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  1. #1
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    Problem with hijacked domain name

    I have my own domain name which I have had for years. Over time it has been occasionally hijacked and somehow used for the generation of Spam emails. This has caused me a lot of grief and frustration. I have taken steps to try to reduce or eliminate the problem but none have been successful.

    One of the steps recommended by a couple of professionals was to create a Sender Policy Framework (SPF) record. SPF is defined as a simple email validation system designed to detect email spoofing by providing a mechanism to allow receiving mail exchangers to check that incoming mail from a domain is being sent from a host authorized by that domain's administrators.

    This was supposed to solve my issue; the SPF is supposed to check that the sender is the valid sender as specified in the SPF. You can read more about SPF at: http://emailuniverse.com/ezine-tips/?id=1202

    The SPF appears to not work; either that or the spammers have devised a way around the SPF.

    The symptom that tells me they are at it again is that I begin to receive quantities of Delivery Status Notification messages telling me that my email cannot be delivered. The reasons for not being delivered vary: some use a 550 error; among other things this indicates the sender is an identified spammer. Not true in my case, I do not spam. Others are just rejected due to a non-existent address. Some are caused by a rejection due to either white or black address lists. 554 Denied [SHPBL] Denied by Spamhaus as a spammer. 554 5.7.1 Access denied; also related to spam. There are other notification replies that are too numerous to mention.

    I am not the author of any of the rejected email messages. This current crop of messages appear to be sent to recipients in the United Kingdom and Australia. I donít even know anyone who lives in either place.

    Please do not suggest that I give up my domain name; I have been using it for so many years that it would be a real hardship on my every day, legitimate internet use. I know this current siege of spam/junk emails will eventually end but it is very frustrating while it goes on.

    Everyone I have spoken with just sort of shakes their head when I relate my problem. No one seems to have a solution or remedy. Can anyone out there provide some assistance or advice on how to proceed? How do I either stop or somehow mitigate the unauthorized use of my domain name?

  2. #2
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    I am afraid there is no solution for your problem. Anyone can enter an email address from your domain in a client or use it in a program to send email, as the sender's address. There is nothing you can do to prevent that, because some email servers will always accept to send email on behalf of a non valid email addresses for the domains they host.

    This will have the undesired effect that you describe, but it should not affect your ability to send email from your server's email domain. Spam blacklists list the sending server, so your server should not be affected in anyway. Getting the notifications you get , well that is just a cost of having your own domain. It shouldn't trouble you too much, really.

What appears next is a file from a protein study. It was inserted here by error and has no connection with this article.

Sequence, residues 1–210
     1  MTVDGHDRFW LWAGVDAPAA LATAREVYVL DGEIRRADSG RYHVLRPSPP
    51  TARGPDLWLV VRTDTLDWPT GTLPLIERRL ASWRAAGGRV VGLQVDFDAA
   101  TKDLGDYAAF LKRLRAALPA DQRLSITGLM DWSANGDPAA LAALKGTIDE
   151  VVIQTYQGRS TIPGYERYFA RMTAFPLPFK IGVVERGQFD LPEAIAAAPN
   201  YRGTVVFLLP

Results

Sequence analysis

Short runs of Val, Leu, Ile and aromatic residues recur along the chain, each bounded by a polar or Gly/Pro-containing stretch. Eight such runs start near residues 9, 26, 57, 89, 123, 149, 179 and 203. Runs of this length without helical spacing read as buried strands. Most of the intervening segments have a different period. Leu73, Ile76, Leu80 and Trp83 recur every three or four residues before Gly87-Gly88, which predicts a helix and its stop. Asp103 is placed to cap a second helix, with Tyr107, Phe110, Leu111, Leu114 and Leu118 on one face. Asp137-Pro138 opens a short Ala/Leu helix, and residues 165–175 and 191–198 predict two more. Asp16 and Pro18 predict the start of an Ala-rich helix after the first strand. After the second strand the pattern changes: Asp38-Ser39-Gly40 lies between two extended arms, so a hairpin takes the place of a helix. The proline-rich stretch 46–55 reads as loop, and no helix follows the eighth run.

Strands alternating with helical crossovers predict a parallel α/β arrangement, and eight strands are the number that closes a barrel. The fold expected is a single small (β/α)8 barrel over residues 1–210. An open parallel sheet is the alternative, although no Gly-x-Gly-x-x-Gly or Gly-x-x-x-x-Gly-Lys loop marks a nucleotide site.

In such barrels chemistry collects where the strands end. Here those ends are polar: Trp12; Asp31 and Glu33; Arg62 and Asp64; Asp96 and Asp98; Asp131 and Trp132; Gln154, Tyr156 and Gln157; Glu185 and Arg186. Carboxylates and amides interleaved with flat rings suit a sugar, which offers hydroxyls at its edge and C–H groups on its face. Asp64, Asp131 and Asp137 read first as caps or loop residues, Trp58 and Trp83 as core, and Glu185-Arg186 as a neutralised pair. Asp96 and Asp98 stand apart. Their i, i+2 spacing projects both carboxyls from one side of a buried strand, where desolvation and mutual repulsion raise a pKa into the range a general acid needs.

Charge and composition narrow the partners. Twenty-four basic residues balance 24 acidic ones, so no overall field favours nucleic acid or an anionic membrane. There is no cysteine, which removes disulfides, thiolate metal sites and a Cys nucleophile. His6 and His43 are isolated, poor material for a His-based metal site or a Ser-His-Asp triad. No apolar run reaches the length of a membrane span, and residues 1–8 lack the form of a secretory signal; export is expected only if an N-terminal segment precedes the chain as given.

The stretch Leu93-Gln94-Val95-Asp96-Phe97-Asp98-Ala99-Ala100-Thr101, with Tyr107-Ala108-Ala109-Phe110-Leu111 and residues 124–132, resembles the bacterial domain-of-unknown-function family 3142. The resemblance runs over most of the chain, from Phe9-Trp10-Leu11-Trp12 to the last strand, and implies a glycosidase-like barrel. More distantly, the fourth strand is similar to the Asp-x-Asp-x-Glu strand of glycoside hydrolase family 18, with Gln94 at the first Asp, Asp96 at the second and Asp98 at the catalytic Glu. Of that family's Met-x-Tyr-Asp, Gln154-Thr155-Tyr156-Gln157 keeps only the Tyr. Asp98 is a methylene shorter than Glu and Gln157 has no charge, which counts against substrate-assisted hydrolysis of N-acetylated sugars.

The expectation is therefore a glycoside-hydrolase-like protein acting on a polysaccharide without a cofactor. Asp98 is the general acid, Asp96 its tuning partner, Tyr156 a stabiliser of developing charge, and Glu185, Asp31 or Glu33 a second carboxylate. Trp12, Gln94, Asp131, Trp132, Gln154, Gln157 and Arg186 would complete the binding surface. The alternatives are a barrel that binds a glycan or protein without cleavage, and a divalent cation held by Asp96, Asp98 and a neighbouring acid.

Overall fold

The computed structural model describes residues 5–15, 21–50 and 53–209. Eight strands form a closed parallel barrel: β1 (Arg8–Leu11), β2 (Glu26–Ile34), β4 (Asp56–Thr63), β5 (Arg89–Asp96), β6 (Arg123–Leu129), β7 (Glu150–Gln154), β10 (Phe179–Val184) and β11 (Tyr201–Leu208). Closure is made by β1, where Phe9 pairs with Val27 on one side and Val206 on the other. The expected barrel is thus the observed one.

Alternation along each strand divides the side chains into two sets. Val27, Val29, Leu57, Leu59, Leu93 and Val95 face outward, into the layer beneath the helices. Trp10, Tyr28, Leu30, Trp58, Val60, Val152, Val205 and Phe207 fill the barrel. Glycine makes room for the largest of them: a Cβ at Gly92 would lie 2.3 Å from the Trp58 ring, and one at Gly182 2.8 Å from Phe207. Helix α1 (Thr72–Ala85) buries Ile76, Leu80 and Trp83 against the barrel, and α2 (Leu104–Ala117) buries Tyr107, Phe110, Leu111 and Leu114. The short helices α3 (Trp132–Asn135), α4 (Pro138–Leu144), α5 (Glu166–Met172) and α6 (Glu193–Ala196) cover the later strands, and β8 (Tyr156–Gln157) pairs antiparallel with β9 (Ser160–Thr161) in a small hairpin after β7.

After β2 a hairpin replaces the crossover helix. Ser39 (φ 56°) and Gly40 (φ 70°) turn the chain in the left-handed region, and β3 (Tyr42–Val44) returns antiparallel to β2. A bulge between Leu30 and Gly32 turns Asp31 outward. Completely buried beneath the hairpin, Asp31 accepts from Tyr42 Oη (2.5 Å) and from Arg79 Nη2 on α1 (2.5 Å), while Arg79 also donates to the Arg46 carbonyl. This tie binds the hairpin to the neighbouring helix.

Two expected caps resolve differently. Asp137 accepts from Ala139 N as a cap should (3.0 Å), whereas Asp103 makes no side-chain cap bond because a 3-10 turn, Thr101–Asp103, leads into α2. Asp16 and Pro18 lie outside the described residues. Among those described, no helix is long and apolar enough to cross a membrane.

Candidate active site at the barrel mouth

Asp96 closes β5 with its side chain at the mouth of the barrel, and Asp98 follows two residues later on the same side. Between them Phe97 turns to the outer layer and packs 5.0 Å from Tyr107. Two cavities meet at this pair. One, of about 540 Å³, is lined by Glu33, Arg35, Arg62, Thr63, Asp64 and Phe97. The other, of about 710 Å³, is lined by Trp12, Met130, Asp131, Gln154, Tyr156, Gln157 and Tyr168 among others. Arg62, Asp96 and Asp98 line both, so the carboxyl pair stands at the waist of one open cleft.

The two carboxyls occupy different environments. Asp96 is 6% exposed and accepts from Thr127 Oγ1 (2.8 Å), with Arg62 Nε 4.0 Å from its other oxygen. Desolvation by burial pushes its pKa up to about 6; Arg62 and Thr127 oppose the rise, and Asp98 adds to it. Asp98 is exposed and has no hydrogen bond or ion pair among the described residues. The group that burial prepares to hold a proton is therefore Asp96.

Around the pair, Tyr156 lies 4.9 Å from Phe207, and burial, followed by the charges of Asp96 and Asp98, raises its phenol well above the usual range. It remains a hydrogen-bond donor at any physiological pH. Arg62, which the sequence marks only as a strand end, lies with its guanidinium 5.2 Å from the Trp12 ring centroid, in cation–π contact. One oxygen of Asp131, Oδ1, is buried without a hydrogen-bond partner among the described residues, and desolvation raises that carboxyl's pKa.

Not all servers check SPF records and if they reject the email on the SPF record check, it's even likely that you will be notified. A way to avoid this notification, for some situations where the sender email address does not exist, is not to have a catch all account for your domain.

    P.S.: I have my own domain, as well. There isn't been some time since I last got rejected emails I didn't send, but it has happened. If, at any time, you have the need to prove you didn't send those emails, it will be easy to prove, as the sending server will not be your email server.
    Rui
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    @ efstanley

    I have had my own domain name since about 2001. At first my website used a simple HTML-only "Contact" form which had my email address, i.e.: name@domain, coded into the HTML. But by about 2004 I was having similar problems as you describe with spammers.

    After some searching I cancelled the affected email address, set up a new one, and modified the "Contact" form's code to use JavaScript to "cloak" my email address. This worked well for some years, but by about 2012 it was clear spammers had worked out how to decipher the Javascript.

    After some more searching I found this tutorial: http://www.html-form-guide.com/conta...-tutorial.html

    Since I implemented the form in the above tutorial (with yet another new email address) the problem has not returned.
    Computer Consultant/Technician since 1998 (first PC was Atari 1040STE in 1988).
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  5. #4
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    When you (a mail server) connects to a mail server to deliver mail you are required to provide information about yourself, including your email address. This information is plain text and can be anything you like as long as it's a validly formatted email address. Spammers use real email addresses in an attempt to fool mail systems into accepting the spam.

    The problem you describe arises because email systems are required to provide notification of email delivery failure - not success - and these Non Delivery Reports are sent to the originating sender. In this case your email address is used as the sender address so you receive the NDR. Just throw the NDRs away, there is no point in bothering with them, unless they relate to email you actually sent.

    cheers, Paul

  6. #5
    jwoods
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    Quote Originally Posted by efstanley View Post
    The SPF appears to not work; either that or the spammers have devised a way around the SPF.

    Everyone I have spoken with just sort of shakes their head when I relate my problem. No one seems to have a solution or remedy. Can anyone out there provide some assistance or advice on how to proceed? How do I either stop or somehow mitigate the unauthorized use of my domain name?